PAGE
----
Prescription opioids were favorites among drug abusers until pharmaceutical companies began manufacturing tamper-proof pills. However, patents for Oxycontin and Opana ER are set to expire next year, and experts predict opioid abuse will rise once again as generic drugs return to the market.
Unfortunately when one drug goes out, another comes in and plans are underway for many generic brands of painkillers that are already highly abused and dangerous.
Opioids (also known as narcotics) are natural or synthetic derivatives of the opium poppy. This group includes such substances as:
• Morphine–an effective painkiller that all other opioids are modeled after.
• Oxycodone–a semi-synthetic opioid that is contained in a time-release formula in Oxycontin. It is a painkiller used for moderate to severe pain, especially in cancer patients.
• Methadone–a synthetic opioid used to treat morphine or heroin addictions.
• Vicodin–used for severe pain.
• Codeine–used in cough and cold medicine for its anesthetic and cough-suppressant properties.
• Hydrocodone–used in combination with other painkillers like acetaminophen to treat moderate to severe pain. This is the most highly-prescribed opioid, according to the DEA.
Opioids date back to ancient Egypt and are the most addictive substances known to man. Pharmaceutical companies used to manufacture Oxycontin and other pills as small, white tablets that abusers would crush into powder for snorting, smoking or ingestion. Manufacturers changed their formulas so that pills couldn’t be crushed and turned to gel upon contact with water. That was when the statistics on pill abuse crashed, and most opioid addicts turned to heroin for a cheaper high.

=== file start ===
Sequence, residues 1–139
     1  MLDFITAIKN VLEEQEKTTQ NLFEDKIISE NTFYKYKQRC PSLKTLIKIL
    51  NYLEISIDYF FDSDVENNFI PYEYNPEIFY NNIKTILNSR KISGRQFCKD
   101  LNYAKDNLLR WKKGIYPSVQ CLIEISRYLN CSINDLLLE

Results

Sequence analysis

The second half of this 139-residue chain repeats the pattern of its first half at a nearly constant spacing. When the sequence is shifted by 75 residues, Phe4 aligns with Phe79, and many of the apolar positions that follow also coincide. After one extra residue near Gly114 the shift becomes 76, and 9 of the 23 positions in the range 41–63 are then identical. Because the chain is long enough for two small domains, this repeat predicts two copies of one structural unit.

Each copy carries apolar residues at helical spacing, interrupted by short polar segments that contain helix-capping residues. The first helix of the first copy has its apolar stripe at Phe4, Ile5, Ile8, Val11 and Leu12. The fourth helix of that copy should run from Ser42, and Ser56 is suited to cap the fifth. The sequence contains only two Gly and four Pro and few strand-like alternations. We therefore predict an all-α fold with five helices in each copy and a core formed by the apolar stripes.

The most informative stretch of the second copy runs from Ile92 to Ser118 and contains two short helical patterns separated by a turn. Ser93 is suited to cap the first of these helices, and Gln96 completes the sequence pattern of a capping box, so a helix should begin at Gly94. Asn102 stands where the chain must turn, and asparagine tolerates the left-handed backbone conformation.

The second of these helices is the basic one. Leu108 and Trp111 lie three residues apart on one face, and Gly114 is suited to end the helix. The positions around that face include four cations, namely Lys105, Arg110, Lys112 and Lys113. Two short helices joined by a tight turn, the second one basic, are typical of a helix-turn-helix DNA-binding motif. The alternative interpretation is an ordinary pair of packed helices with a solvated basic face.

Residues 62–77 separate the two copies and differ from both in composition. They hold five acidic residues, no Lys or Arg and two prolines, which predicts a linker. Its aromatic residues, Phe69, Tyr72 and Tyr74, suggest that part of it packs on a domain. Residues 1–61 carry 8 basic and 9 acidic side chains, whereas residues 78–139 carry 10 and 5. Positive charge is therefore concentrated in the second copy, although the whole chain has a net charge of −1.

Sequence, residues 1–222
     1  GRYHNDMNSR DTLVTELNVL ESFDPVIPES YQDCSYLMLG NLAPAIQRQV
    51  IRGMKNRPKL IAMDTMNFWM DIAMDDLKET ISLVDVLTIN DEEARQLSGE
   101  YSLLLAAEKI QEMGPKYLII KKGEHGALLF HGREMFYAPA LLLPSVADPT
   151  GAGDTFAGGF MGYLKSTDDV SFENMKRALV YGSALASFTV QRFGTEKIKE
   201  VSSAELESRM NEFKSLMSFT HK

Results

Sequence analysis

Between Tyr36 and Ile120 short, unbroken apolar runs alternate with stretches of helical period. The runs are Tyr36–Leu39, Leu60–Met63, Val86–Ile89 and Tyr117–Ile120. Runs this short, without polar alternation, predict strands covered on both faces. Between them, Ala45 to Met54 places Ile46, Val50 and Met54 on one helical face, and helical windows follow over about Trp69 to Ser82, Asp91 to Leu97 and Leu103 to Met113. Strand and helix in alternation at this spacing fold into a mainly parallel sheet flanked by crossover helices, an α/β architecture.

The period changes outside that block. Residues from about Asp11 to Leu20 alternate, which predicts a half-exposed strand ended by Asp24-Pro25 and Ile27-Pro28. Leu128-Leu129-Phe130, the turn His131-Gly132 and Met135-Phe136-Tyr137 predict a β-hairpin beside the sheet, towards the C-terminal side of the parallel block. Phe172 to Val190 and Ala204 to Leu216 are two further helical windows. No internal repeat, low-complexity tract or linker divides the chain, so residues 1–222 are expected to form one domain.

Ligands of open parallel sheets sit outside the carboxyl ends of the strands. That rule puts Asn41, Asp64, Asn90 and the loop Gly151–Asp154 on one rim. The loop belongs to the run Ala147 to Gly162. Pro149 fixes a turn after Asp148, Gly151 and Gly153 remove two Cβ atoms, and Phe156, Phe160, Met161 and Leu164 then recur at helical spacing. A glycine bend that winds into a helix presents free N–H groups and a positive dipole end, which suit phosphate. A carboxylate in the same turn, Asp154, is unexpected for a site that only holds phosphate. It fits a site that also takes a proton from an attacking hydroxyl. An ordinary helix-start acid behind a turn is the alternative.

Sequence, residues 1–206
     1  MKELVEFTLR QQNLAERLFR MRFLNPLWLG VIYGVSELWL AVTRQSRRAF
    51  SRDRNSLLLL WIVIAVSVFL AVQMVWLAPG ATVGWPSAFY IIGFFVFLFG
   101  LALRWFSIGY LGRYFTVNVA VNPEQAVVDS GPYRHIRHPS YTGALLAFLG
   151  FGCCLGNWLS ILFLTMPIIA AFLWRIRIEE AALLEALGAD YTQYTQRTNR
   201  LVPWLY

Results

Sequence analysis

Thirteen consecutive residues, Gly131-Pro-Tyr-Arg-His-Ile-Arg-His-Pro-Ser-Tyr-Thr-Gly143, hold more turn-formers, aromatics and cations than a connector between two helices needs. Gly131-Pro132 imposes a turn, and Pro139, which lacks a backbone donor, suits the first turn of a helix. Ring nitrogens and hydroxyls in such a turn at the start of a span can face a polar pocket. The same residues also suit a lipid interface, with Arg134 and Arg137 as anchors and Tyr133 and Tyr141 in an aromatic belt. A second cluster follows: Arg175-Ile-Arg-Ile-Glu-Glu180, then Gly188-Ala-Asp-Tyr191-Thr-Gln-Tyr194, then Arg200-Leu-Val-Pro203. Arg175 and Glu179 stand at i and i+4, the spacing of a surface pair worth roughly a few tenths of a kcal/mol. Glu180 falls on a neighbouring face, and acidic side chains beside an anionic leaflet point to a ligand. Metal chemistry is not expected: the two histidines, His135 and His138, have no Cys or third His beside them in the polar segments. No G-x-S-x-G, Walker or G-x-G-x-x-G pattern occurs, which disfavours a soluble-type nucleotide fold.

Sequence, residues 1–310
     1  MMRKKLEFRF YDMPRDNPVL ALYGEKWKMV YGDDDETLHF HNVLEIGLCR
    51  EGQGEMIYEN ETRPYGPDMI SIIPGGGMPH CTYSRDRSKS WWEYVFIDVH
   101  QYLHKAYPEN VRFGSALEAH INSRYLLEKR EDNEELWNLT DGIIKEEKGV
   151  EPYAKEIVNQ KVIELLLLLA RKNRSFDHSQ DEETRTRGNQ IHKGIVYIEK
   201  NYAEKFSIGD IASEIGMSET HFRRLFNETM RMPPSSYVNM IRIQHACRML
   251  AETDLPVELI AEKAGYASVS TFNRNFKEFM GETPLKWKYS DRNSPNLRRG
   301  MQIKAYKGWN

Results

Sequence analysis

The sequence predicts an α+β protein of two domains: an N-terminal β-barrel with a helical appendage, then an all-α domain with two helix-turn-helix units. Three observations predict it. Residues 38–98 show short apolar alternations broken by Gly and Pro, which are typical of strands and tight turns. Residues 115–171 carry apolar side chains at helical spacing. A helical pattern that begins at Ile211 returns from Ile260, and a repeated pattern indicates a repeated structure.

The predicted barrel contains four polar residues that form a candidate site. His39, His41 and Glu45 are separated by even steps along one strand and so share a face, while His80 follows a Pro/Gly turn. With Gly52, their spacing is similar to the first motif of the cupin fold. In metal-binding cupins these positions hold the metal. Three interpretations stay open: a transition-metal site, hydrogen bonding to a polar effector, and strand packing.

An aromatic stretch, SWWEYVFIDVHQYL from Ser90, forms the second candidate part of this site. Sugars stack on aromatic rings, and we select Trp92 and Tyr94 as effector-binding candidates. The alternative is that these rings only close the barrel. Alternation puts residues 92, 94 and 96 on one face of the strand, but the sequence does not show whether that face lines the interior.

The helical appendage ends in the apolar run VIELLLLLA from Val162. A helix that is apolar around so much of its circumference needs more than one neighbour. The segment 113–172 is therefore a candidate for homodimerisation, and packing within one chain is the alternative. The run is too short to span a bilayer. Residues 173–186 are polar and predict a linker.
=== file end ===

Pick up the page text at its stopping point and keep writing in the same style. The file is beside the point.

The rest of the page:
With generic oxycodone on the market, however, it could mean a massive uptick in those statistics, with prescription drug abuse once again soaring to new heights.
The Facts on Prescription Pills
In the United States, prescription opioids cause more deaths than all illicit drugs combined (including heroin and cocaine).
In 2009, fifteen thousand Americans died of painkiller overdoses.
In 2010, painkiller overdoses were responsible for 1.3 million visits to the emergency room. That is an increase of 115% since 2004.
Generic Drugs in Canada
The prescription drug problem is just as bad in Canada, where Oxycontin is known as Hillbilly Heroin. Last spring, the makers of Oxycontin and Opana ER stopped selling their time-release formulas and generic oxycodone was put back on the market. Politicians were at odds over what to do about the impending increase in pill abuse, but Canadian Health Minister Leona Aglukkaq stated that federal law prevents the banning of a drug just because some people abuse it. Why should people in pain be denied the proper treatment?
The solution was to monitor the drugs more closely in Canada. This year the Ministry of Health will implement more rigorous licensing rules. Pharmacists will be required to report all losses and theft, and any spikes in sales or changes in distribution patterns will have to be reported.
U.S. border patrols and police are on the lookout for the impending pipeline of generic oxycodone from Canada.
In addition to this children have to be educated on the dangers of prescription drugs and why they should not take them to begin with. This coupled with effective treatment for those addicted can bring about a real solution to the problem of substance abuse.
For more information contact www.narconon.org.